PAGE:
Quiet nights of quiet stars
Quiet chords from my guitar
Floating on the silence that surrounds us
Quiet thoughts and quiet dreams
Quiet walks by quiet streams
And a window looking on the mountains
And the sea, so lovely
This is where I want to be
Here, with you so close to me
Until the final flicker of life’s amber
I who was lost and lonely
Believing life was only
A bitter tragic joke
Have found with you
The meaning of existence oh, my love
Lyrics written by Antônio Carlos Jobim (Tom Jobim) in 1960
Questions of Travel, a poem by Elizabeth Bishop, was written in Rio and published in 1956 about five years after she first moved there.
There are too many waterfalls here; the crowded streams
hurry too rapidly down to the sea,
and the pressure of so many clouds on the mountaintops
makes them spill over the sides in soft slow-motion,
turning to waterfalls under our very eyes.
–For if those streaks, those mile-long, shiny, tearstains,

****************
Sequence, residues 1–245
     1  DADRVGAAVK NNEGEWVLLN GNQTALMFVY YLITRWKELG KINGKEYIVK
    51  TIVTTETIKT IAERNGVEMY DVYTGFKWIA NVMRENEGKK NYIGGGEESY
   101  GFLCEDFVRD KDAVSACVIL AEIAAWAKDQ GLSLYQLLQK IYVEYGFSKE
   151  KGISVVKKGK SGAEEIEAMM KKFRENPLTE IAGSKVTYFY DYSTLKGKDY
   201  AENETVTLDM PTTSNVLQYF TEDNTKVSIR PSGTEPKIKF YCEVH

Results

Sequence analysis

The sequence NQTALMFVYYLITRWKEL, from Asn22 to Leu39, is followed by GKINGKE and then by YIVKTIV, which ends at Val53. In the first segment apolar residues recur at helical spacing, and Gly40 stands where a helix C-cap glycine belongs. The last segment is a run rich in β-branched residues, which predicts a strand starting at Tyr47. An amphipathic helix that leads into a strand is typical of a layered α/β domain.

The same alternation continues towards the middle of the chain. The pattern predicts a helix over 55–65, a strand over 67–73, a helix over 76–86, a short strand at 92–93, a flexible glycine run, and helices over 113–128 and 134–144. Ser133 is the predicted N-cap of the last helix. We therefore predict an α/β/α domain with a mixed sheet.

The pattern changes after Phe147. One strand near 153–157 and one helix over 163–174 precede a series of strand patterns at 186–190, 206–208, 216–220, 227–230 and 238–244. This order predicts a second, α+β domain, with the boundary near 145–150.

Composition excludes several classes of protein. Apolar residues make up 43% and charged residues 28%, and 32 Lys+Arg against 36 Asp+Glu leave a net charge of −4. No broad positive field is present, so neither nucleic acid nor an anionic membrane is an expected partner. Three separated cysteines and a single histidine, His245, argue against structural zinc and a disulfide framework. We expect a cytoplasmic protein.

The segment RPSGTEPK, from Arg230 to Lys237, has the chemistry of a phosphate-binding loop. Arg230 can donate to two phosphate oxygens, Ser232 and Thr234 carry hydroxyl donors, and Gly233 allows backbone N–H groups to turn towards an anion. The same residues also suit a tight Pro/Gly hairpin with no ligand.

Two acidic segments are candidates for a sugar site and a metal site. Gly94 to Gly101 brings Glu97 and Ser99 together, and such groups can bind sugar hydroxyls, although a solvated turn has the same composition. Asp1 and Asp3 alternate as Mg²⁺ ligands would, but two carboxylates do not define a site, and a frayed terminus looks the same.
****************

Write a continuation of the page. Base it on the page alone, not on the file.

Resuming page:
aren’t waterfalls yet,
in a quick age or so, as ages go here,
they probably will be.
But if the streams and clouds keep travelling, travelling,
the mountains look like the hulls of capsized ships,
slime-hung and barnacled.
Think of the long trip home.
Should we have stayed at home and thought of here?
Where should we be today?
Is it right to be watching strangers in a play
in this strangest of theatres?
What childishness is it that while there’s a breath of life
in our bodies, we are determined to rush
to see the sun the other way around?
The tiniest green hummingbird in the world?
To stare at some inexplicable old stonework,
inexplicable and impenetrable,
at any view,
instantly seen and always, always delightful?
Oh, must we dream our dreams
and have them, too?
And have we room
for one more folded sunset, still quite warm?
But surely it would have been a pity
not to have seen the trees along this road,
really exaggerated in their beauty,
not to have seen them gesturing
like noble pantomimists, robed in pink.
–Not to have had to stop for gas and heard
the sad, two-noted, wooden tune
of disparate wooden clogs
carelessly clacking over
a grease-stained filling-station floor.
(In another country the clogs would all be tested.
Each pair there would have identical pitch.)
–A pity not to have heard
the other, less primitive music of the fat brown bird
who sings above the broken gasoline pump